The first five stunning minutes of Morvern Callar are difficult in their silence — dead except for the electric on-off buzzing of Christmas lights decorating a tree — showing a scantily clad Samantha Morton, looking anything but sexy, communing with the bloody body of a man lying on the floor. The scene raises a thousand questions: Has there been a crime? An accident? A suicide? She keeps touching him, as if to remember something she’s afraid of forgetting. And to go with the intermittent hum of the lights, appropriately the first words of the movie are viewed on a computer screen.
Her boyfriend, James, a struggling novelist who has finally finished his masterpiece, has left her a suicide note instructing her to send the book out to publishing houses and use money in their bank account for his funeral. Each click of the mouse explains the situation in a succinct, unsentimental way that a spoken discussion could barely attempt. It’s just the first of many visual techniques employed by writer-director Lynne Ramsey, who has created from Alan Warner’s novel a movie of wonder, chill, sadness and evolution that focuses on a singular character made well worthy of our attention by Morton’s performance.
Morvern (Morton) dresses and heads out into the cold echoing night of her Scottish coastal town, pausing over her boyfriend to delicately tease a few pound notes out of his back pocket. It’s sweet irony in view of what’s to come, as she takes what she needs and replaces the rest, taking care not to disturb the body. This is about the only time Morvern shows any sign, however slight, of remorse for what she’s doing, or that she might go the expected route and follow James’ final instructions. Morvern has pity and tenderness for those she encounters, but it’s a me-first mentality. She can’t be faulted for that. She deserves it, what with her job as a supermarket shelver, the suicide-boyfriend and her best friend who admits to a fling with him.
After reading and rereading the suicide note, she opens up the computer file containing the novel, gives it a long, hard look, erases James’ name and replaces it with her own. She sends out the novel to the first publishing house on the list he left her, which snaps at the chance to publish it. She heads to the ATM, checks the funeral account balance, and seeing that it contains more than 3,000 pounds, withdraws the funds and buys herself and her boisterous, somewhat stupid friend, Lanna (Kathleen McDermott) — party-hearty yin to Morvern’s yang — a Spanish resort vacation.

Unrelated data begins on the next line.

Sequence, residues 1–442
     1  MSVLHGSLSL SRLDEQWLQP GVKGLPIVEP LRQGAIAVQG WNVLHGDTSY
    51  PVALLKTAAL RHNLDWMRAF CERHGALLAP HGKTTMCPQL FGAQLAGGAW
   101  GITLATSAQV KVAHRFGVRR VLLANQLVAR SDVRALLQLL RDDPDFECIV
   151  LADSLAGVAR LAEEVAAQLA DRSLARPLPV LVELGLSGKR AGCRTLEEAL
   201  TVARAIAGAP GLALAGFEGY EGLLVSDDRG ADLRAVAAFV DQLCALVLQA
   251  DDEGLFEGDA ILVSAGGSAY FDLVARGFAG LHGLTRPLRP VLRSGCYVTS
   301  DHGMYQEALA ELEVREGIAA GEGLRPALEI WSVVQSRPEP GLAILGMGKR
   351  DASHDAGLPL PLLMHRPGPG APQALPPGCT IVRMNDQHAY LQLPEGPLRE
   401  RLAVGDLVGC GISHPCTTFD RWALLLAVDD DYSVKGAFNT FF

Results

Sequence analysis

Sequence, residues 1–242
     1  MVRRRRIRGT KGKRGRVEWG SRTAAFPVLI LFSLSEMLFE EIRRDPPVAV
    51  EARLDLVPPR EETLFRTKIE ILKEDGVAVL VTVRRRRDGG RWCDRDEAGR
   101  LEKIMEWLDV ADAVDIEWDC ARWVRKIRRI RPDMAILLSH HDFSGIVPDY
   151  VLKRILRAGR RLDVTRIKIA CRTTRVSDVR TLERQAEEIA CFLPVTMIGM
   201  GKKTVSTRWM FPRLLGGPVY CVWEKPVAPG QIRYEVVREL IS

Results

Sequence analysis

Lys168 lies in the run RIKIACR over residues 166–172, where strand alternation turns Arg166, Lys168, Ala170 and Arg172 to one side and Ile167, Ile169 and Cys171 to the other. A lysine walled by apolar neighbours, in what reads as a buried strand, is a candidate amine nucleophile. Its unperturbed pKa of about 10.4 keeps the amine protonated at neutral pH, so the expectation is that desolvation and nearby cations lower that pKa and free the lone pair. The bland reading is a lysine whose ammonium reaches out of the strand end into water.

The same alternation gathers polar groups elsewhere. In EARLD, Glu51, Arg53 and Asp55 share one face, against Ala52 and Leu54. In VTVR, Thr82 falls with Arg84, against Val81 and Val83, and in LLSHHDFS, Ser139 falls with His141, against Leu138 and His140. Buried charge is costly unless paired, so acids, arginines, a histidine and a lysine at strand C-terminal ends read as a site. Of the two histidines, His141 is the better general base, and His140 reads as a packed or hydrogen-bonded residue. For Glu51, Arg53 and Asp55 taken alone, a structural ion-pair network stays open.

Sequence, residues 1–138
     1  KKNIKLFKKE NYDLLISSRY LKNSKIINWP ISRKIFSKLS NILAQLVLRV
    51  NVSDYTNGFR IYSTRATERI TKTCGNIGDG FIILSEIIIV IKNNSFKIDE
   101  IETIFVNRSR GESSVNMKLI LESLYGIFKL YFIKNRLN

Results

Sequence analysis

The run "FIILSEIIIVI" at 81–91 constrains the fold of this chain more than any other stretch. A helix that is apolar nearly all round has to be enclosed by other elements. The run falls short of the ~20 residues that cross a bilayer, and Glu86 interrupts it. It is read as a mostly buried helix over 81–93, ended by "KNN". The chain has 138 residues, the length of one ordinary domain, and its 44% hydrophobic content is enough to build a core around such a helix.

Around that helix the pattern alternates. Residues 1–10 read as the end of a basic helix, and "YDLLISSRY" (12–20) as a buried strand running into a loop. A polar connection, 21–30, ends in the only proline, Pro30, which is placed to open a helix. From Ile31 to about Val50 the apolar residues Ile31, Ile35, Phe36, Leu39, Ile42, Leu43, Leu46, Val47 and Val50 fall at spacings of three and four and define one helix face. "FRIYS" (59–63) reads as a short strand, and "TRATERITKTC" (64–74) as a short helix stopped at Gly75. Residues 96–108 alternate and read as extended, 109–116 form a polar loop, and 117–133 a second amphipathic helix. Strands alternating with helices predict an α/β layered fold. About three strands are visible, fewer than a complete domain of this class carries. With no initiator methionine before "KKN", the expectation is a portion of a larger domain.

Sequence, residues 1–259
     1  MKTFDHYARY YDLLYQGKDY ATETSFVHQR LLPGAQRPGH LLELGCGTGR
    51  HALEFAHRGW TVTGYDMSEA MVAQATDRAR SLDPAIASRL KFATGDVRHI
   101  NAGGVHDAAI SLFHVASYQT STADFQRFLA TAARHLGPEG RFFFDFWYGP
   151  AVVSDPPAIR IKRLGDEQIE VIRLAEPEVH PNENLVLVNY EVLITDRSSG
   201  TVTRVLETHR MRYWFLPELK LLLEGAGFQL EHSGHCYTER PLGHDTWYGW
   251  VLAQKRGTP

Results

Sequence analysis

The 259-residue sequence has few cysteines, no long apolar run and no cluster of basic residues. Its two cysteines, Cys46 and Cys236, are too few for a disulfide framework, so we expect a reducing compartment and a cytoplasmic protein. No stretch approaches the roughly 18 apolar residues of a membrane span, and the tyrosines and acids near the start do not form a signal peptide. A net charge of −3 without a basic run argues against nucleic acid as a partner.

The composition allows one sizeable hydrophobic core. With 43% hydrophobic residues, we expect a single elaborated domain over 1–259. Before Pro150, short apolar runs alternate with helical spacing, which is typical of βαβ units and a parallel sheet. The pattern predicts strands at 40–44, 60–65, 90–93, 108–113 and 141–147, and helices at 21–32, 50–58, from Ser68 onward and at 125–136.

Ramsey’s camera twitches and swirls with a human’s imprecise but emotional touch, rarely resting for long once the movie gets rolling. Her song selection is impeccable. But while the images on the screen pulse with sound and color, telling the story far more effectively than dialogue and beating out a strange rhythm of hope and escape, Morvern herself never looks undone. She carves up her lover’s body into manageable pieces while listening to his last will and mix tape; her burial of him on the Scottish highland is a joyful release; and she’s calm as can be as she dupes a publisher into giving her a book deal. (The 100,000 pounds, though, does give her pause). There’s barely a hint of panic, molecularly small, the first time we hear her voice, when (after lying with the body for an indeterminate amount of time) she heads out to the train station and answers a ringing payphone for an oddly perfunctory conversation with a stranger.
Morvern’s motivations are oblique, but there are several possibilities: She never loved James in the first place; she’s detached and numb with grief; she’s crazy, or, most likely, she’s just plain sane, seizing what might be the first opportunity ever to come her way.
Morvern is free in ways that the people she knows in her sad, gray town are not — and when Lana snippily informs her that there’s no point in trying to get away, because things are the same everywhere you go, Morvern says nothing. She’s often silent, as if she knows that words are a silver bullet to the world’s mystery. She knows the truth. She’s seen what the world has to offer, in the solemnity of a Spanish cemetery and the tiny insects that fascinate her. And with that mental clarity come a knowledge and a fortitude of which the huddled masses can’t even conceive.
Opens Wednesday exclusively at the Main Art Theatre (118 N. Main, Royal Oak). Call 248-542-0180.
Erin Podolsky writes about film for Metro Times. Send comments to firstname.lastname@example.org.
We welcome readers to submit letters regarding articles and content in Detroit Metro Times. Letters should be a minimum of 150 words, refer to content that has appeared on Detroit Metro Times, and must include the writer's full name, address, and phone number for verification purposes. No attachments will be considered. Writers of letters selected for publication will be notified via email. Letters may be edited and shortened for space.
Email us at email@example.com.
Support Local Journalism.
Join the Detroit Metro Times Press Club
Local journalism is information. Information is power. And we believe everyone deserves access to accurate independent coverage of their community and state. Our readers helped us continue this coverage in 2020, and we are so grateful for the support.
Help us keep this coverage going in 2021. Whether it's a one-time acknowledgement of this article or an ongoing membership pledge, your support goes to local-based reporting from our small but mighty team.
Join the Metro Times Press Club for as little as $5 a month.